Although the rivalry between Singapore and Hong Kong has often struck me as somewhat sophomoric, many people obsessively compare the two cities, especially when it comes to economic achievements.
As the coronavirus outbreak spreads, people in Hong Kong who have had to queue overnight to get face masks are becoming bitterly aware of just how different things are in the Lion City, where the government is providing masks for citizens. It’s only four per household, to be exact, but in a time of crisis, few people are going to get bogged down in the details.
In the recently leaked 25-minute audio recording of Singaporean trade minister Chan Chun Sing’s remarks, at a closed-door dialogue with members of the Singapore Chinese Chamber of Commerce & Industry, plenty of comparisons were made between Singapore and Hong Kong.
Now, if we in Hong Kong can get over being called “idiots” by Chan, who has been tipped to be the next deputy prime minister, we may be able to see the point of what he said, namely that the decision to give each household four masks was not an easy one to make.
Chan described the government initiative to distribute face masks as a “gamble”, which was taken to calm nerves. He also said the government had been in a bind because it had to conserve mask stocks to ensure an adequate supply for health care workers, while battling the perception that it didn’t care about Singaporeans.
Evidently, masks do not just offer protection against Covid-19 to ordinary people, they also protect a government against widespread public resentment.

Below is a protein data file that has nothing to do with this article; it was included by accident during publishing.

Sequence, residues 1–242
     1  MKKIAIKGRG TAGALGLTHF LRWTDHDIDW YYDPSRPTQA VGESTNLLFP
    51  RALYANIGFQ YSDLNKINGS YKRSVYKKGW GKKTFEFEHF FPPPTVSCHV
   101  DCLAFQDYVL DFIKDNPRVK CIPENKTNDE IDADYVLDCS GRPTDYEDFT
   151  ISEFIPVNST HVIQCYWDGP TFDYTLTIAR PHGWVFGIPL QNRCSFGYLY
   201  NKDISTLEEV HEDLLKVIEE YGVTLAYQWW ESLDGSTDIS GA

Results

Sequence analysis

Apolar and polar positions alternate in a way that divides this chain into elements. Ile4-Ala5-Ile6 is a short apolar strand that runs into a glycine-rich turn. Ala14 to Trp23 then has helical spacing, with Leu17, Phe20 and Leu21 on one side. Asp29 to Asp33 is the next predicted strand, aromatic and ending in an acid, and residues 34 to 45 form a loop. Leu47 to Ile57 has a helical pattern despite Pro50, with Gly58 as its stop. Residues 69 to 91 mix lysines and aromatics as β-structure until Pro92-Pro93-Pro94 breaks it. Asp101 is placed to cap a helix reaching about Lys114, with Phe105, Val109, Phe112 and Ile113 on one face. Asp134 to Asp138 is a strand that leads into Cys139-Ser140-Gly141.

While Hongkongers have every right to take offence at Chan’s comments, we should note that Chan said similarly harsh things about some of his fellow countrymen – the ones who followed our example and went on panicked shopping sprees.
I do understand the anger because Chan’s comments were mean. Kicking a man when he’s down is not exactly honourable behaviour. It’s shameful, actually, coming from a leader and it reflects badly on him, as well as the country he represents. It ignores the fact that Hong Kong appears to be down and out.
Granted, we’re lying on the ground because we tripped over ourselves, but mocking Hong Kong’s misfortunes – getting a laugh at the expense of people caught in their most vulnerable moments – still smacks of Schadenfreude and a complete lack of empathy.
Hong Kong is suffering a total breakdown in trust at all levels. Our social fabric has been ripped to shreds. People have not recovered after months of witnessing violent physical assaults day in and day out; openly taking political sides is having devastating consequences; best friends and closest family members have severed ties; the glut of fake news has put people on edge. In this toxic climate, public panic about a disease without a cure (yet) is only to be expected.
Still, even if Chan is lacking the empathy gene, let’s hope he will be able to learn a lesson from Hong Kong’s experience.
The question he should perhaps ask is why, in the absence of any social or political crisis, some Singaporeans were also “behaving like idiots” and hoarding toilet paper, for example.
Months ago, Prime Minister Lee Hsien Loong responded to the Hong Kong situation with sympathy, and had the wisdom to ask himself and his fellow citizens some hard questions.
“Can this deep social angst happen here?” he said. “Can this social division befall us? And my answer is, yes it can if we are not careful. If it happens to us, like what’s happening elsewhere, we will suffer the same consequences as the other countries, only worse because we are that much more vulnerable.”
Let’s hope Chan’s comments provoke enough anger in Hong Kong for us to step forward, overcome divisions, rise from the ashes of hate and fear, and come together as a community. Let’s also hope Chan will notice that Chief Executive Carrie Lam Cheng Yuet-ngor’s pride came before her fall.
It always seems impossible until it is done.